DCDL is here to help


Assuming that nothing will happen between this writing and its publishing, the government shutdown has now been in effect for 28 days. Individuals are working without pay, services are not operating, and the country is wondering how long it all might last.

The federal government has deposited Supplemental Nutrition Assistance Program (SNAP) benefits into recipients’ accounts this week to cover grocery expenses through February, but should the shutdown extend beyond it, individuals would face a greater problem.

A public issue like this leaves public libraries wondering where we can help. As “the community’s living room,” it is our mission to make sure that we are providing our neighbors with connections to vital resources. Of course, libraries have a warm place to sit and relax on a cold, snowy day. However, we also have staff members who can help individuals find a hot meal when necessities like nutritional assistance programs may not be operational.

Thankfully in Delaware County, there are many places who offer help in times of need. A great place to begin is at the library, where you can dial 2-1-1 on our public phone to be connected with HelpLine. HelpLine is a free, multi-county resource directory, where individuals are pointed toward one of 4,000 community and government services in the areas of human services, health, education and more. A real person answers the phone and begins the process of finding answers.

This time of year, the temperatures drop to record levels and the snow begins to really accumulate. This weekend alone, we’re facing lows below zero. Adult men can find overnight shelter at A Place of Warmth, located at Zion United Church of Christ on West Central Avenue when frigid temperatures are predicted. You’ll see signs all around town, including in front of the library, to advertise when the center is activated. Women and children are served by Family Promise of Delaware County, Heart of Ohio Shelter and Turning Point.

Hot meals are regularly provided in the Andrews House dining room, located on West Winter Street in downtown Delaware. The Common Ground Free Store Ministry serves a meal during their open hours, as well.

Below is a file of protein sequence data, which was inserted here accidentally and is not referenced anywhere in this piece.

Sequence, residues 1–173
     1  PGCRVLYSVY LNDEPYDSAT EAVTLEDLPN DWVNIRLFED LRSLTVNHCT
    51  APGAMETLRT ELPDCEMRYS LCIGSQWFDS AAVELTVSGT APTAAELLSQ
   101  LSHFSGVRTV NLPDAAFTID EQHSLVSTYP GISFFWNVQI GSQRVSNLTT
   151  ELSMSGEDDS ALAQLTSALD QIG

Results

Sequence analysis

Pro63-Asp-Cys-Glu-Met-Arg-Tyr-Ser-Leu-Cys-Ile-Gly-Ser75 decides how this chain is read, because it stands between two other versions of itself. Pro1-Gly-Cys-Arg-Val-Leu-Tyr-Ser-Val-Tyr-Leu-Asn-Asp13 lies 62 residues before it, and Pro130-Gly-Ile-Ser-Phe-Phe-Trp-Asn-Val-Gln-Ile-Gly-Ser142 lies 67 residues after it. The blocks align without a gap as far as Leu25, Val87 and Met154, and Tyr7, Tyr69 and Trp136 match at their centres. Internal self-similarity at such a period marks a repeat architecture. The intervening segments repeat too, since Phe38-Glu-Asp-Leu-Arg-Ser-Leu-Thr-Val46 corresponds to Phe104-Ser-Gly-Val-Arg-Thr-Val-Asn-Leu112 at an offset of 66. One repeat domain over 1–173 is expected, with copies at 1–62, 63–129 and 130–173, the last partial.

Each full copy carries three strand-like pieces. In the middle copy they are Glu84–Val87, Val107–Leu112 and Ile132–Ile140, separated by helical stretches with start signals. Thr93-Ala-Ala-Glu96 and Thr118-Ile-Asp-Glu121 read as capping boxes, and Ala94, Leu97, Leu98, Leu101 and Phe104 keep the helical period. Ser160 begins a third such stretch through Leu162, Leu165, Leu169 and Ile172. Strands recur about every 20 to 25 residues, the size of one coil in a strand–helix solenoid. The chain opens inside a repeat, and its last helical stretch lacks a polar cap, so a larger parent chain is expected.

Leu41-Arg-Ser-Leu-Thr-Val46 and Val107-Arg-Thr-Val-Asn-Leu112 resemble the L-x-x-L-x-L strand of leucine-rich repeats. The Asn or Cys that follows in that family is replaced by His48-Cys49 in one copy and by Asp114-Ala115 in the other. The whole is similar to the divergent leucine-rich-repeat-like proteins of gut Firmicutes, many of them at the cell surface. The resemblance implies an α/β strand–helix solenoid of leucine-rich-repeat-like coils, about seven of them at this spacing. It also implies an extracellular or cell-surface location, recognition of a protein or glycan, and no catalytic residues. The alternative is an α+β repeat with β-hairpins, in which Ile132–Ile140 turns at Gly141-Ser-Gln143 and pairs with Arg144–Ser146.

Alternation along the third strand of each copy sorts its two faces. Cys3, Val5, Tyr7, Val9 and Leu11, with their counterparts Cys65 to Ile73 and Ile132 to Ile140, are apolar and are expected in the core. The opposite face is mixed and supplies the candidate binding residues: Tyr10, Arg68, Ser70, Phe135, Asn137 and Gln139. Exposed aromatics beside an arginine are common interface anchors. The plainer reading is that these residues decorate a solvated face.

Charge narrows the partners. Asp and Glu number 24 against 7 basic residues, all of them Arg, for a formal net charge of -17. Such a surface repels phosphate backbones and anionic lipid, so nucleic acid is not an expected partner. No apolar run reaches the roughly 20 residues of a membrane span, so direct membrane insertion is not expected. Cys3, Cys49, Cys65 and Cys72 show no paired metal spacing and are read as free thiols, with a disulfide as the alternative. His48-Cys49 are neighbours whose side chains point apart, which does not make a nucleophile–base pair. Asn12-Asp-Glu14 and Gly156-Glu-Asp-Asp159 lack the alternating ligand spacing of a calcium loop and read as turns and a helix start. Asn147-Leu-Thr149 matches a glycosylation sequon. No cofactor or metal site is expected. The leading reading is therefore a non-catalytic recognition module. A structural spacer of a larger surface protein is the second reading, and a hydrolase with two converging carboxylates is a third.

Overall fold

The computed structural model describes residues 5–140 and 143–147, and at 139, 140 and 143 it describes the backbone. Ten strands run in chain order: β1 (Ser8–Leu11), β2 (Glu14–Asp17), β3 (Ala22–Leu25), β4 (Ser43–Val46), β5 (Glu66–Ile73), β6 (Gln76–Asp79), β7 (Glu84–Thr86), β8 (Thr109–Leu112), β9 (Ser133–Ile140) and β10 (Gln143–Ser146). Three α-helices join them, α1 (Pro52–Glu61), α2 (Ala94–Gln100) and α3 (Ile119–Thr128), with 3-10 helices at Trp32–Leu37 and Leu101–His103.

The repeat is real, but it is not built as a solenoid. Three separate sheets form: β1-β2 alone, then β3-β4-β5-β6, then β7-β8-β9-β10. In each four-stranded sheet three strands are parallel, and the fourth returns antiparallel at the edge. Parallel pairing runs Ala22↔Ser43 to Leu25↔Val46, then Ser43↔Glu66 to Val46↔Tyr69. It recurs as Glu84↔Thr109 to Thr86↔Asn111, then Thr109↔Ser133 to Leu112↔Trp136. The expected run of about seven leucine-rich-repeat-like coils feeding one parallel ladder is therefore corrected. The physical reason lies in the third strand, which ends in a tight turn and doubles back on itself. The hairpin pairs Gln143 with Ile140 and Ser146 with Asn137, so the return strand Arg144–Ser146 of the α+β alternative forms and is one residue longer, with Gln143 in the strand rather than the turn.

Regardless of what need you may find yourself or someone you love facing, consider beginning your search for help at the library, where we will first offer a smile and a greeting of “How can we help you, today?”

Since this weekend will be perfect for reading, cozy up with one of these recent releases in the fiction section.

• “A Ladder to the Sky” by John Boyne. If you are looking for a fast-paced story with an insider’s view of the publishing world, you’ll love “A Ladder to the Sky.” It stars ruthless, manipulative Maurice Swift, who furthers his own literary career at the considerable expense of others.

• “My Sister, the Serial Killer” by Oyinkan Braithwaite. Hardworking, practical Korede, and her beautiful sister Ayoola, seem to have made a habit of killing her boyfriends. Korede is the one who ends up having to dispose of the bodies and keep her sister out of jail. But when the handsome doctor who Korede has fallen in love with notices Ayoola and asks for her number, Korede faces a dilemma.

• “Family Trust” by Kathy Wang. The prospective heirs of terminally ill patriarch Stanley Huang wonder how much he’s really worth, while considering their own failures and successes as second-generation Taiwanese Americans. Poking fun at Silicon Valley culture, while also exploring family relationships, aging and class privilege, fans of Cynthia D’aprix Sweeney’s “The Nest” will find much to appreciate.


By Nicole Fowles

Glad You Asked

If you have a question that you would like to see answered in this column, mail it to Nicole Fowles, Delaware County District Library, 84 E. Winter St., Delaware, OH 43015, or call us at 740-362-3861. You can also email your questions by visiting the library’s web site at www.delawarelibrary.org or directly to Nicole at [email protected]. No matter how you contact us, we’re always glad you asked!

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